The number of persons per car must never exceed the number of seat belts.

               Incident Reporting Procedures
Where there is reasonable grounds to believe that a child (or children) is in need of
protection we are legally required to report the matter to the Ministry for Children and
Families. If we knowingly fail to report in these circumstances we are in violation of the

When Witnessing Inappropriate Behavior
If required,(such as in the case of physical abuse) first seek to protect the victim so long
as you do not endanger yourself or others.

Any inappropriate conduct or relationships between adult workers and a youth or a child
must be confronted immediately and reported to the Ministry Coordinator or a Pastor.

Some conduct just deserves an initial comment directly to the person involved.

       Example. The church youth group is having a picnic at a local lake. Following a
       volleyball game, one of the male chaperones begins to massage the shoulders of
       one of the female youth members. They are seated at a picnic table surrounded by
       other students. A second adult chaperone discretely pulls the first one aside and
       comments, “You probably weren’t aware, but giving massages falls outside of
       proper volunteer conduct.”

Other conduct requires reporting. This includes more significant incidents as well as
failure to respond appropriately to correction.

       Example. Same facts as the preceding example, except that after the discrete
       comments, the volunteer persists in the behavior.

       Example. Same facts as the preceding example, but the volunteer worker walks
       the student to an isolated location and massages her shoulders while laying down
       on the ground next to her. A second volunteer sees what is happening and
       immediately reports it to the adult in charge.

Guidelines for reporting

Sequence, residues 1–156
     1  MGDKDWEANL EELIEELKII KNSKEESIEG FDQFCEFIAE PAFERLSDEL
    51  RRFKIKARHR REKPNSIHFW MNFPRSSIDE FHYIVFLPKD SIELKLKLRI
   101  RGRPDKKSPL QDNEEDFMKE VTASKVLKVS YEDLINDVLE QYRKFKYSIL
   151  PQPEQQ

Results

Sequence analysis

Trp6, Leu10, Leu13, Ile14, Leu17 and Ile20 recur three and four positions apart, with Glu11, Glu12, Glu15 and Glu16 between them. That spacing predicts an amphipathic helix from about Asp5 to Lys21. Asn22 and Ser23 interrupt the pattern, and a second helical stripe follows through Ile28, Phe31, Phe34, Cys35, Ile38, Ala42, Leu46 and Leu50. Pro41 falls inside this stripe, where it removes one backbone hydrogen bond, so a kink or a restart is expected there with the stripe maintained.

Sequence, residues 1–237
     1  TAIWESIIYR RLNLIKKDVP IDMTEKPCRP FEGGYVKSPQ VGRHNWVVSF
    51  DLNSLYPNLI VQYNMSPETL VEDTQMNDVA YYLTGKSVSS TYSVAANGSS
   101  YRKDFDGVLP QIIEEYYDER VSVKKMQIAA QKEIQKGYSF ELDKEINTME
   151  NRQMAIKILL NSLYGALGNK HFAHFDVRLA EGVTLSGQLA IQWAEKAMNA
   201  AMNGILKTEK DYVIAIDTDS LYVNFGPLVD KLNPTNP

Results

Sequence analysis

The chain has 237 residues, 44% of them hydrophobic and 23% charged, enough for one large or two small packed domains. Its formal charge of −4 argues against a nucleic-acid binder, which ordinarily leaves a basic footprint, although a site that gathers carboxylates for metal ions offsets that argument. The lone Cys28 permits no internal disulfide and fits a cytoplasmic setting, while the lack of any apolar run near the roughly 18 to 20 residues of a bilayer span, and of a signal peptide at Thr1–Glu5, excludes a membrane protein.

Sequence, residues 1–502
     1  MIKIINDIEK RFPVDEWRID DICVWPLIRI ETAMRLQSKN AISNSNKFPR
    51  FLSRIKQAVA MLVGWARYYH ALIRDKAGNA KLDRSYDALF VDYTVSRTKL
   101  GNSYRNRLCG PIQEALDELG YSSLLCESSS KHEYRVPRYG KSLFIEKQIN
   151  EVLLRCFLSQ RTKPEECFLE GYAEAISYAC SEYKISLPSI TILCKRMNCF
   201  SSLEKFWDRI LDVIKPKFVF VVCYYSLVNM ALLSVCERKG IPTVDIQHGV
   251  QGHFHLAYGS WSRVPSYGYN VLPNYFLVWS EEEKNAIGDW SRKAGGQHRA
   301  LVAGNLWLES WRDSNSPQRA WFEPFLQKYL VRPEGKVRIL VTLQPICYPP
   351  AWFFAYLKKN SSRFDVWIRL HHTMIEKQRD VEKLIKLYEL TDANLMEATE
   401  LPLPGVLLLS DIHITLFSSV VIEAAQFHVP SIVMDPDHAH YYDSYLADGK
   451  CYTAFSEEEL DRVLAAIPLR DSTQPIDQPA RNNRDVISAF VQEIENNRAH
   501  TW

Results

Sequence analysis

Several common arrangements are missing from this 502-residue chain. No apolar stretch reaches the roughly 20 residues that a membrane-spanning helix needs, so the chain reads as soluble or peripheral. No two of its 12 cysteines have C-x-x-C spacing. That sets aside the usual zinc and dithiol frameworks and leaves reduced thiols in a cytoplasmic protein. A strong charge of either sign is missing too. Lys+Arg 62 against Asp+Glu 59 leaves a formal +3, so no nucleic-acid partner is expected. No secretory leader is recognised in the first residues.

1. Document the incident thoroughly. Noting time, date, persons involved, other
      witnesses and precise description of events.
   2. Report the incident immediately to your Ministry Coordinator or Pastor
   3. Document all your efforts at handling the incident.
   4. When the witnessed incident constitutes physical or sexual abuse, the authorities
      must be notified. Refer to the reporting procedures below

When A Child makes known an Act of Abuse, Displays
Significant Evidence of Abuse or Abuse is witnessed.
Do not prejudge the situation, but take any allegations seriously and reach out to the victim and
the victim’s family. Showing care and support help to prevent further hurt. Whatever pastoral
resources are needed will be provided. Remember that the care and safety of the victim is the first
priority. We do not want to increase the anger and pain of the victim and the victim’s family, nor
make future reconciliation more difficult.


It is important to keep the information restricted to those who need to be advised.

Direct and Indirect Disclosures

Sometimes children tell others directly that they are being abused or neglected. They may
start with a small example and watch how you react. Research indicates that children tell
their story many times before action is taken. You should respond to a child's disclosure
of abuse or neglect with an open mind and a willingness to believe them.

Sometimes children do not tell others directly, but use indirect methods of
communicating about their abuse or neglect. These include their behaviors, emotions, art,
writing, appearance, inquiries or discussion of fears, concerns or relationships. Children
also divulge information through indirect statements, statements made with conditions
("promise not to tell anyone"), or third party statements.

Responding to the Child

        -   DO Go slowly and be supportive
        -   DO encourage the child to talk about it.
        -   DO tell the child that he or she was right in telling you about the problem. Do
            not promise the child you will not tell anyone.
        -   DO establish in the child’s mind that he/she is NOT to blame
        -   DO Keep an accurate written record of everything
        -   DO pray with the child
        -   DO Report the incident to the authorities

        -   DO NOT correct the child’s story; listen to the original words,
        -   DO NOT use leading questions Leading questions can often be answered by a
            "yes" or "no". Avoid leading questions or comments -they direct the child and
            hint at how the child is to respond.
        -   DO NOT suggest or modify what the child is trying to say.
        -   DO NOT show horror or anger; however if unable to control your emotions,
            be clear that your anger is meant for the offender, NOT the child.